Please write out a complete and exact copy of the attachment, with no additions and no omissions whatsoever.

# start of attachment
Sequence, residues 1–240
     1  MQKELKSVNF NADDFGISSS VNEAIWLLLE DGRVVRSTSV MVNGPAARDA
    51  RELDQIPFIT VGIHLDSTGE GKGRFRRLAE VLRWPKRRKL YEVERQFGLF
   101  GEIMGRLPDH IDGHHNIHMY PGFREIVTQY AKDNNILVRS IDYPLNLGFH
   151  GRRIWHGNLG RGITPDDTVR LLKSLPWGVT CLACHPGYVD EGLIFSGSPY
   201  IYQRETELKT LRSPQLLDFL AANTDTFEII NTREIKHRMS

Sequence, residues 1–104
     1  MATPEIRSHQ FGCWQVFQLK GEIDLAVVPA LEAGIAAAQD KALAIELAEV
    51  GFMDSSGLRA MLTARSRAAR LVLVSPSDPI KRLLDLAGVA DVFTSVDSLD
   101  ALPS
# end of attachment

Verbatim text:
Sequence, residues 1–240
     1  MQKELKSVNF NADDFGISSS VNEAIWLLLE DGRVVRSTSV MVNGPAARDA
    51  RELDQIPFIT VGIHLDSTGE GKGRFRRLAE VLRWPKRRKL YEVERQFGLF
   101  GEIMGRLPDH IDGHHNIHMY PGFREIVTQY AKDNNILVRS IDYPLNLGFH
   151  GRRIWHGNLG RGITPDDTVR LLKSLPWGVT CLACHPGYVD EGLIFSGSPY
   201  IYQRETELKT LRSPQLLDFL AANTDTFEII NTREIKHRMS

Sequence, residues 1–104
     1  MATPEIRSHQ FGCWQVFQLK GEIDLAVVPA LEAGIAAAQD KALAIELAEV
    51  GFMDSSGLRA MLTARSRAAR LVLVSPSDPI KRLLDLAGVA DVFTSVDSLD
   101  ALPS